Setting Goals and a Budget
The following is a suggested process for hall senates to use at the beginning of a semester, as it is setting goals and deciding how much money to set aside to meet those goals. It is designed for organization leaders to facilitate. The total amount of time will vary with the size of the group. But, the entire process should be possible to accomplish in two hours.
1. Determine whether you want to do a semesterly or yearly budget planning. (Recommendation: Do semesterly-plus-one planning. That is, plan the current semester, plus the first event of the next semester, which will be paid for from funds from the first semester. If this is consistently done, the money will be there every semester.)
2. Make a large calendar of the semester ahead, including January.
3. Finally, make a list of your organization’s projects and programs from the previous academic year. These will be the reference points for planning this year.
4. Determine how much money you will have to spend this semester ($5.25 per resident/per semester, minus what is sent to the houses per resident/per semester).
5. Reproduce adequate copies of materials and create newsprint forms for processing large group activities.
6. Set a length of time and location.
7. Get all members of your organization to the planning session.
Large Group Planning
I. Welcome planners and state purposes for meeting:
A. Set goals and budgets for semester, including;
(The following should be displayed in writing, on newsprint)
B. Semester Goals and Budgets
1. Decide on Projects
2. Set Dates/Deadlines
3. Set Spending Ceilings
4. Set A “Requests” Budget
II. Introduction to work:
A. There are four keys to our success in goal-setting and budgeting:
1. Meet residents’ needs & interests
2. Do what we are uniquely equipped to do. (Like a good business, we must fine our niche. We must choose things to do that we --better than anyone else --are equipped to do.)
3. Only make commitments we intend to keep.
4. Work hard to respect and cooperate with one another in the process
(The following should be displayed in writing on newsprint)
Four Keys to Success
-Meet residents’ needs & interests
-Do what we’re uniquely equipped to do
-Choose commitments carefully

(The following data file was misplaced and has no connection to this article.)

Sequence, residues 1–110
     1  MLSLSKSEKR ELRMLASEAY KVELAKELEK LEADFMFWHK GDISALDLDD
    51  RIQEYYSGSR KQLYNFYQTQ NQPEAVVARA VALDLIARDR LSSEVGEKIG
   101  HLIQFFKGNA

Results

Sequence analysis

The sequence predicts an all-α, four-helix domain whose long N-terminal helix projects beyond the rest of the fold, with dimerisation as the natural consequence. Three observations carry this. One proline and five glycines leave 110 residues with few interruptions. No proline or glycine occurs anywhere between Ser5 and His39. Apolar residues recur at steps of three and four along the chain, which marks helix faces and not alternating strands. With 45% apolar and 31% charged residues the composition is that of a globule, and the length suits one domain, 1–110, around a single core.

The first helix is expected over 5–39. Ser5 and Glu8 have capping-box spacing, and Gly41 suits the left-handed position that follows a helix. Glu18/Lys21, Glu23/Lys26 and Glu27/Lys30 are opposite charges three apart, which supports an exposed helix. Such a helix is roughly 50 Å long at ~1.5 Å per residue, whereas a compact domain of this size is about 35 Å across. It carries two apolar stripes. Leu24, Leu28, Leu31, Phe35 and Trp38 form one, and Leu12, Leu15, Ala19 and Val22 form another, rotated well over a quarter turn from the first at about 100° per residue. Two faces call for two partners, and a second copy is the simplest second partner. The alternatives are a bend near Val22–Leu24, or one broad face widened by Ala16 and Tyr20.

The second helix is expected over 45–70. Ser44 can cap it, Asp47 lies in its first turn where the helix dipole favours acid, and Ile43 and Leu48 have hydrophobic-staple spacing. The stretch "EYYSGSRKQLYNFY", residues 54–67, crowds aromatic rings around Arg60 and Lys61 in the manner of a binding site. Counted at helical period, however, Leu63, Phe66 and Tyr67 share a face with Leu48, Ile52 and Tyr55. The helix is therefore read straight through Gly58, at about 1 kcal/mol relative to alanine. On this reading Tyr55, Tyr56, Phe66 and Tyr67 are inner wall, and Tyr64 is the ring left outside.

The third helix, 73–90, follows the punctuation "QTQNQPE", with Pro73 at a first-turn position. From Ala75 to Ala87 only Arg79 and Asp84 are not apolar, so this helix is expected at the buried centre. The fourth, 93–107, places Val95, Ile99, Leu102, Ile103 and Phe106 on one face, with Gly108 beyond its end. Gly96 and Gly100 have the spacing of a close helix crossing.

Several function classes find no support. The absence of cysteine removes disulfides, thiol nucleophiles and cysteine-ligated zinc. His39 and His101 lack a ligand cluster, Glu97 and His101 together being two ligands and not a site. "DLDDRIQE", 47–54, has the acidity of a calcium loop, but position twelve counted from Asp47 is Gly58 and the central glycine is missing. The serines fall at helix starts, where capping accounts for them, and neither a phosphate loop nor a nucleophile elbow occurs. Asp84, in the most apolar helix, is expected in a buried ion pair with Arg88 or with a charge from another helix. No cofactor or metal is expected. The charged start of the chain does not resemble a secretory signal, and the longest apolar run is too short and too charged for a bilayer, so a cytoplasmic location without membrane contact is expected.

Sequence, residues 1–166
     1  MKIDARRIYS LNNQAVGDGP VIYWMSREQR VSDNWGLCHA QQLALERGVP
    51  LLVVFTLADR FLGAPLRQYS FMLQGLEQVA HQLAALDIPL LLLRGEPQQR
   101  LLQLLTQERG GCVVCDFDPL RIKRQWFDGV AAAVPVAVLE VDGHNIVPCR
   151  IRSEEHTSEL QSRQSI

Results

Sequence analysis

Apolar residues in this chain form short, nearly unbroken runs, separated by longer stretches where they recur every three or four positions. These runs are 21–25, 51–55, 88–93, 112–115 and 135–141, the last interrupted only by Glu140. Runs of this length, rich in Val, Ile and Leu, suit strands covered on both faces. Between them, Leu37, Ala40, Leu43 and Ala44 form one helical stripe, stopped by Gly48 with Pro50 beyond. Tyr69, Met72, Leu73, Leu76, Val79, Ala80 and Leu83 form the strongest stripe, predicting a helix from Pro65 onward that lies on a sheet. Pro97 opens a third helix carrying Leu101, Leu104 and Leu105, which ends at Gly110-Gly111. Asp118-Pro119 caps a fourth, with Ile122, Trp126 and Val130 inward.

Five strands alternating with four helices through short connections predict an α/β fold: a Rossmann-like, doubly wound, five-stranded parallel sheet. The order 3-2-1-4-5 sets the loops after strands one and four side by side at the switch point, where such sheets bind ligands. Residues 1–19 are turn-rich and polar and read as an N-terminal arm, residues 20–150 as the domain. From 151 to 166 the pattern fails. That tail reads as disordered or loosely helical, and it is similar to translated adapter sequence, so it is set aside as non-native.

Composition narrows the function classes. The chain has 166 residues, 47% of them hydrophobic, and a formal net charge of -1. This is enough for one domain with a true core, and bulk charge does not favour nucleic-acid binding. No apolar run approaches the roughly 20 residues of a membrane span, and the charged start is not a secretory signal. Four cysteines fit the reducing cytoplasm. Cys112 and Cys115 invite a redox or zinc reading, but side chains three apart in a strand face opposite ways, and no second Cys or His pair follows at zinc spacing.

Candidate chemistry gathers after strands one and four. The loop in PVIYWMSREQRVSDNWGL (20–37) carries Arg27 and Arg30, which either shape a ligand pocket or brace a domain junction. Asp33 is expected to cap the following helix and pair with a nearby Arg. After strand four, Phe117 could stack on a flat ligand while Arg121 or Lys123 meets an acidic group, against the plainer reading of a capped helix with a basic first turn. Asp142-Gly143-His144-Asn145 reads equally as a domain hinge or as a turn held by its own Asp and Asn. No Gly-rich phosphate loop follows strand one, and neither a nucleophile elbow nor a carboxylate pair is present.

-Respect, and cooperate with, each other
B. Budgeting (putting price ceilings) requires goal-setting. Goal-setting requires and understanding of needs & interests of constituents. It also requires knowing our resources. Three key resources are:
1. OURSELVES: Our talents, experiences and commitments.
2. MONEY: State your organization’s approximate allocation for the semester (based on expected occupancy in third week).
3. EVENTS: Our traditional events/projects; the University’s upcoming events; and events, such as holidays, around which we can generate
ideas and create programs
(The following should be displayed in writing, on newsprint)
Three Key Resources
III. Small group work:
To help us decide on events or projects for this semester (and the first of next semester…?), let’s work in small groups to generate ideas
Divide the group into handfuls of people (4-5). Ask them to:
1. Take 5 minutes to make a list of the top fifteen things you think your residents want or need.
2. Then, take 5 minutes to eliminate then of those things that would probably be the hardest for your group to provide.
3. Then take 15 minutes to look over the list of your organization’s projects/programs from last year; the Panther Planner calendar; and pick three projects that might meet some of the needs/wants of your residents (Include one that might be a good fund-raiser, IF you are in debt.)
4. Then, take five minutes to create a totally new project, unrelated to the calendars or the list.
5. Then, take five minutes to attach a date or deadline to each of the five.
6. Return to the large group.
(The following should be displayed in writing, on newsprint, revealed one line at a time, as the group works.)
Small Group Tasks
-List top fifteen needs/wants of residents (5 minutes)
-Eliminate ten that would be the hardest to provide (5 minutes)
-Decide on three projects (from handouts) (15 minutes)
-Make up new projects to meet needs/interests (5 minutes)
-Add deadlines/dates(5 minutes)